In most accounts, we see big discrepancies in the performance of these modifiers across keyword categories.
How do we do this evaluation? I prefer to take a look at the search terms report for the entire account under the dimensions tab in AdWords. Make sure that you’re looking at a nice solid chunk of data and have included all relevant columns.
Once you’ve exported the data, apply filters and exclude all rows that contain branded terms. We want to evaluate non-brand queries only. Next, apply subtotal figures for clicks, impressions, cost and conversions. Apply formulas in this top row for CTR, average CPC, CPA & conversion rate. This will allow you to subtotal the data for different modifier filters.
After that, you’re set to go! Start evaluating the data by selecting the search term filter in column A and selecting “contains” then type in the different modifiers that you’d like to test.
For one B2B client, we saw that the modifier “software” had a CPA that was 2.5x the CPA of the modifier “platform”. On one eCommerce account, we saw a 150% delta in the ROI of “cheap” vs. “discount”.
So what do we do with all of this data? Whether you’re using manual bidding, bid algorithms or rules-based bidding, you’re likely concentrating your bid adjustments on keywords that are converting effectively (bid up) and keywords that are high-spend and non-converting or have high CPAs/low ROIs (bid down). Since only a fraction of your keyword inventory convert in a given period, this bidding methodology usually only affects a fraction of your overall keyword inventory.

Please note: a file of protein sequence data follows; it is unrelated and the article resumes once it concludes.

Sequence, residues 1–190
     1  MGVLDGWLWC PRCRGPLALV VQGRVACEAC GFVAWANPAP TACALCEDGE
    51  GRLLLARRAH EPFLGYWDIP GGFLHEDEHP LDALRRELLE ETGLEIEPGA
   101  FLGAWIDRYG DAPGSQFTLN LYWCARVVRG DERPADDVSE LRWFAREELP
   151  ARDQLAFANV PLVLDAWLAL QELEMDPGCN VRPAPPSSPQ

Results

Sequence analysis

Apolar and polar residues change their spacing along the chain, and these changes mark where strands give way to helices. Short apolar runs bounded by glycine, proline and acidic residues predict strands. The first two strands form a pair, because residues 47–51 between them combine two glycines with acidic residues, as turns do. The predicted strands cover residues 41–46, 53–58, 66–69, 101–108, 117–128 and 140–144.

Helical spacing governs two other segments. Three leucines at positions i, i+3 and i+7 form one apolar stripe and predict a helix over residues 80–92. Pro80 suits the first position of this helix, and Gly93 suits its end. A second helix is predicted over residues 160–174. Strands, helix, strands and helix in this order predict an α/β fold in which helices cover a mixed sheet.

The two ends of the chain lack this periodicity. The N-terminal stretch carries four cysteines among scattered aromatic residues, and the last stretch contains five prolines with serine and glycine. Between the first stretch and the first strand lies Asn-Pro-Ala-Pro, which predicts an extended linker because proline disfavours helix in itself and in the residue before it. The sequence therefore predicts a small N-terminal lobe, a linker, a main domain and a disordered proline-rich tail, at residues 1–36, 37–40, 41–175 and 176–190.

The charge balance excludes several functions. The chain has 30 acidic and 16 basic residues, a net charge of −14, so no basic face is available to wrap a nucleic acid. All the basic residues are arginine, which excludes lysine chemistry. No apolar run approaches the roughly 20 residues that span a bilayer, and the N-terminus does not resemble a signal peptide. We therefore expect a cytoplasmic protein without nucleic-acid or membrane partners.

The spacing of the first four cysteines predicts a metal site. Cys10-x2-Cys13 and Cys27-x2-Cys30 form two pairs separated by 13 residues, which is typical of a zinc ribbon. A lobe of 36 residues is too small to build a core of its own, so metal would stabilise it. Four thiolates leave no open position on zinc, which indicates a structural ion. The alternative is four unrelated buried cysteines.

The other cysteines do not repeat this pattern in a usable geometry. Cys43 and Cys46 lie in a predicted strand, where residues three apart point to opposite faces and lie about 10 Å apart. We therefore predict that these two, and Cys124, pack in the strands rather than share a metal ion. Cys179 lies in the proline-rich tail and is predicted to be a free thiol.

Modifier analysis helps you implement more intelligent predictive bidding. Predictive bidding allows you to put yourself in a position to get more conversions at lower CPAs by making calculated bets on keywords that haven’t converted yet. Predictive bidding allows you to bid up the aggregate of long-tail keywords likely to convert, rather than just your root terms.
For instance, if I have an account average CPA of $80 and I see the following modifier CPAs:
– sevices – $118
– solution – $112
– system – $104
– SaaS – $54
– Web-based – $52
I’m going to bid up lower volume, low position, non-converting keyword terms with “SaaS” and “Web-Based” in them, while bidding down non-converting services/solutions/systems terms.
Note, Google recently allowed you to filter by search terms in the search query report: